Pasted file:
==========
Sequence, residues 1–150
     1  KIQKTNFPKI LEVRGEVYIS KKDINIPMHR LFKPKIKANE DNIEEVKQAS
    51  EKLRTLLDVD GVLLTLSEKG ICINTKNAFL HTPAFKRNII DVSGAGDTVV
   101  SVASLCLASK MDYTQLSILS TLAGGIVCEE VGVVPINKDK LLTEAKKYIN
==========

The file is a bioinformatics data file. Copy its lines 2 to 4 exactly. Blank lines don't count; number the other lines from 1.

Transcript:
     1  KIQKTNFPKI LEVRGEVYIS KKDINIPMHR LFKPKIKANE DNIEEVKQAS
    51  EKLRTLLDVD GVLLTLSEKG ICINTKNAFL HTPAFKRNII DVSGAGDTVV
   101  SVASLCLASK MDYTQLSILS TLAGGIVCEE VGVVPINKDK LLTEAKKYIN